Time to start blowing the dust off this blog and get it back underway. I'm going to shell out some old material I never got published and then get up to a regular routine soon. This is a review of an educational board game I wrote almost a year ago.
Each state in the U.S. requires all lawyers to take a multiple day exam called the BAR, which consists of essay questions and a 200 question multiple choice test called the MBE. It covers six bodies of law: Torts (think car wreck lawsuits), Property, Contracts, Constitutional, Criminal, and Evidence. This post won’t be going into any nitty gritty details but instead will discuss a board game designed to help study for this section called Passing the BAR. As someone who has taken the BAR twice and passed the MBE both times, I thought I’d offer my two cents on it.
Conceptually a multiple choice test works a bit like a roguelike. All you have to do is remove the dungeon and replace the stats with your actual abilities. Monsters in these kinds of games, like multiple choice questions, have more to do with knowing the correct reaction than blindly attacking. Turning this into a board game involves adding a lot of additional elements to this basic interaction. Passing the BAR is setup like a game of Trivial Pursuit with bits of Monopoly thrown in for good measure. You have to move across 35 spots on the board while rolling a dice that only goes up to 3. Each spot is a topic of law, when you land on a spot you have to answer a multiple-choice question. Choose wrong and on your next turn you have to keep trying until you get a question in that topic correct before you can roll. There are wild card spots that send you to the beginning or ask you a bit of legal trivia instead of a specific question. The other player reads the question to you and asks you to pick an answer.
Trying to make studying for the MBE fun is the game’s biggest problem since it tries to expand its appeal by including legal trivia and broader questions for people not taking the MBE. I have trouble imagining a player using this game as anything other than a compliment to regular studies. The MBE sucks and the only person you could get to willingly sit through this game is a corpse.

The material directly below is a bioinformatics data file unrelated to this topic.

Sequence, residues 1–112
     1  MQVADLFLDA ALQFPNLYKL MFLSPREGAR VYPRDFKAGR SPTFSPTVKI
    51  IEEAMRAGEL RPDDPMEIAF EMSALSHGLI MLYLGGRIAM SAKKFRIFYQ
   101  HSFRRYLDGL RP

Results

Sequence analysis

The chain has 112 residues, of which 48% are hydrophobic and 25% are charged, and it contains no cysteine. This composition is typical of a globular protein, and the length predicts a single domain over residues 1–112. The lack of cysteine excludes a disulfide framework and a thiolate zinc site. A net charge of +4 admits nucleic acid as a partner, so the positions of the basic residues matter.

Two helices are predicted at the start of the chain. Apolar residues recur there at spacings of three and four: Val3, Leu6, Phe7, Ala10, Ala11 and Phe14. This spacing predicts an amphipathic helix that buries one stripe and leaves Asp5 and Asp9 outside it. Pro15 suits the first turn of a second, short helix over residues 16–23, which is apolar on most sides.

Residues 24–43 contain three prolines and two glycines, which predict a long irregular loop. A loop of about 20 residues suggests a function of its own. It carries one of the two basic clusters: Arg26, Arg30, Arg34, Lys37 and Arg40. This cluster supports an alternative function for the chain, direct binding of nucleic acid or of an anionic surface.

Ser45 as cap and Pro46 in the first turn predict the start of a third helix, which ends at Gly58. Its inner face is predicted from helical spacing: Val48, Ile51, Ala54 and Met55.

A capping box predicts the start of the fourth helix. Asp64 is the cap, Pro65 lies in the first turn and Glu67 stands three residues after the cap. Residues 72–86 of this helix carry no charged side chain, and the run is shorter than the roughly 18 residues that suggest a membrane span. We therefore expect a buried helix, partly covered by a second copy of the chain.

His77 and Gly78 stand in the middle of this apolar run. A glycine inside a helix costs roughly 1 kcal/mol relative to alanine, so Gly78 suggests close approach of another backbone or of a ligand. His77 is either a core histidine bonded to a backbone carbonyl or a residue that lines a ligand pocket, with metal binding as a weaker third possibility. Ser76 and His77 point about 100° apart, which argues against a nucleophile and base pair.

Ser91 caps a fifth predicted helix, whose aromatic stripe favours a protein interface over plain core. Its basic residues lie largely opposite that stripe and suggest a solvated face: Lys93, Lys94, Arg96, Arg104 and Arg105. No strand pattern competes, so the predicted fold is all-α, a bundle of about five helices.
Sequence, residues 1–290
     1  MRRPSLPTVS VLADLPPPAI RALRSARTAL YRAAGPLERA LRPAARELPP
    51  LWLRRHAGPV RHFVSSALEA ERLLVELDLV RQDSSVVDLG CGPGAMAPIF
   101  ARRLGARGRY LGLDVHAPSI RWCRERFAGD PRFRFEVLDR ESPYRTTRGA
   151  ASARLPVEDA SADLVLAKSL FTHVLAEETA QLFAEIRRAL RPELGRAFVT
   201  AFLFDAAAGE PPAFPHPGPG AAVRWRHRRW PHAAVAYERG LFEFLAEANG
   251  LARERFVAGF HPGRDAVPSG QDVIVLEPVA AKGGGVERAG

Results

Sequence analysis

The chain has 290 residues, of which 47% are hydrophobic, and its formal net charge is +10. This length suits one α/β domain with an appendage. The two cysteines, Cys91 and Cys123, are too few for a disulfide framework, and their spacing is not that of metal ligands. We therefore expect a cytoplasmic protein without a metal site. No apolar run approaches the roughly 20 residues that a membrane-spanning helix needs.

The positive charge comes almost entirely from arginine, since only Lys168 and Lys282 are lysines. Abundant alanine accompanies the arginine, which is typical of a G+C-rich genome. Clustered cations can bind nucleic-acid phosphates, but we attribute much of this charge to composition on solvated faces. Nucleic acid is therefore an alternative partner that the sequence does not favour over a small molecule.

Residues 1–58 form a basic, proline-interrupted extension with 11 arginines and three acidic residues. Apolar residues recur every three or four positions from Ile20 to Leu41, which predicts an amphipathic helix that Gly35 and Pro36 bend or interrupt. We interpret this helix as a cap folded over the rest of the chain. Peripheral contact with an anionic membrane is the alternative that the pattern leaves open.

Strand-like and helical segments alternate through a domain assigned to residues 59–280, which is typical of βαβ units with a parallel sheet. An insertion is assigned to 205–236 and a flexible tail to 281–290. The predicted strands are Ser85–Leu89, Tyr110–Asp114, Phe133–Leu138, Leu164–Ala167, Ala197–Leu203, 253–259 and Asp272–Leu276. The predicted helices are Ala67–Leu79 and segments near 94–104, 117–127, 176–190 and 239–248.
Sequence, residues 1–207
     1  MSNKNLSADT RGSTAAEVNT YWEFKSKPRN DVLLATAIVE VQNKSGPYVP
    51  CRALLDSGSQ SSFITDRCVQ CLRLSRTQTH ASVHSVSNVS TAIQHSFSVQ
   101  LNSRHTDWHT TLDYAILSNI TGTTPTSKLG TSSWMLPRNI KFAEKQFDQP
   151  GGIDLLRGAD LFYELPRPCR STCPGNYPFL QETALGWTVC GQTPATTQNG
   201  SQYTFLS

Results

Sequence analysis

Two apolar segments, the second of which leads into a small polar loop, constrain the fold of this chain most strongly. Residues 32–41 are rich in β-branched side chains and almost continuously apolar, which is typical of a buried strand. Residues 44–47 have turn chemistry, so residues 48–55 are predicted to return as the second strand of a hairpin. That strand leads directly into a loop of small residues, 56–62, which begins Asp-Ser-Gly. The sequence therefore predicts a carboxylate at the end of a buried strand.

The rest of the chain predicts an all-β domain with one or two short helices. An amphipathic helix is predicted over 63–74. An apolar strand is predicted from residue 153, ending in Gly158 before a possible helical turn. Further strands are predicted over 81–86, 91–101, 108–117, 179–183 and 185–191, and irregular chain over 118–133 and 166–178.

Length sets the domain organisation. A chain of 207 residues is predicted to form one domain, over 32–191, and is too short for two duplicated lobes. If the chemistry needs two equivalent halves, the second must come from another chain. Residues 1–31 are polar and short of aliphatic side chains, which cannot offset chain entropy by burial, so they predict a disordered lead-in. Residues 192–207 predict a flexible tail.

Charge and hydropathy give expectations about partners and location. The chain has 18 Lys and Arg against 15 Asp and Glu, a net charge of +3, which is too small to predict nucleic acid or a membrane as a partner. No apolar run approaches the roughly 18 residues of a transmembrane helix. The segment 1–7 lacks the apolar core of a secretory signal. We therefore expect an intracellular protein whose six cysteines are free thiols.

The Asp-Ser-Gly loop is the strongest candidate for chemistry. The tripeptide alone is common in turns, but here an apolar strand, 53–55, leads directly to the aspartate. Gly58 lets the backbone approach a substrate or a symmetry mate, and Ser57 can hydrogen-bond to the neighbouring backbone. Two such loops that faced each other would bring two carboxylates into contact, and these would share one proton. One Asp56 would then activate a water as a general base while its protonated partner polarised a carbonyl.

I played Passing the BAR with my classmate Laura and during the first game we overhauled most of the rules to maximize speed and efficiency. All of the Professional Responsibility questions were removed because that area isn’t covered on the BAR. The legal trivia might be a handy way to remember more obscure laws, but it ends up just distracting you from the crap you should be reviewing. Anytime we landed on a spot that called for trivia, Laura and I instead picked a topic we were having trouble with. The timer was also removed because it wasn’t really necessary, after about an hour we were ready to tear our eyes out anyway. While in Trivial Pursuit you eventually need to badger someone into giving up if they don’t know the answer, here you have four options to pick from. If anything, the biggest issue is picking an answer too soon for most players.
Another problem is that all the questions are read orally so that everyone playing can participate. Certain law question are easier to understand when read aloud than others. In Torts or Criminal Law there is usually only one or two parties with a few factors to juggle. In Property or Contracts there can be several and it often becomes too much to juggle in your head. To really handle an MBE question you need to be marking key words and ignoring irrelevant sections. Practicing reading this material and slashing things out with your pencil is an important skill because that’s how you should take the test. So you’ll be spending most of the game cutting the players off and telling them to just give you the card.
That point aside, the game is pretty useful in the early stages of BAR preparation because you’re still learning how the MBE questions work. Like many standardized tests, studying the questions is just as important as learning the material. Having to negotiate all that information orally meant I quickly learned how to categorize and spot the issue in a question in just one pass. It also helped me spot the subtle differences between similar answers because when read orally you have to recognize the wording immediately. It’s useful because while the task is almost impossible for the more complicated subjects, just trying means that when you go back to reading them it will be easier.
Overall, I spent half of the summer using the board game to study. I’d come home after studying, eat dinner, and whoever arrived that night would play for an hour before going to bed. We never once finished a game. As the summer shifted into studying the essay sections there just wasn’t enough time. You could get through about 22 to 25 questions per hour using Passing the BAR, which wasn’t fast enough when compared to the 30 you can do in less time. Laura pointed out that the nice thing about the game was that it wasn’t as demoralizing as doing problem sets. You don’t get slapped with a percentage telling you that you’re not passing at the end of the session, so there isn’t the same sense of impending doom that BAR materials usually induce. Each question also brought up its own conversation as we talked about how we’d gotten to the correct or incorrect answer, swapping memory tricks and ideas for how to dodge wrong answers.
The second time I took the MBE (I screwed up on the essay portion of banking law) I barely bothered with the thing. There was no one around to study with me and the game’s questions are, by themselves, not particularly good or bad. I’d say don’t buy it, but honestly everyone I know who has the game was given it by some deranged Uncle or Aunt.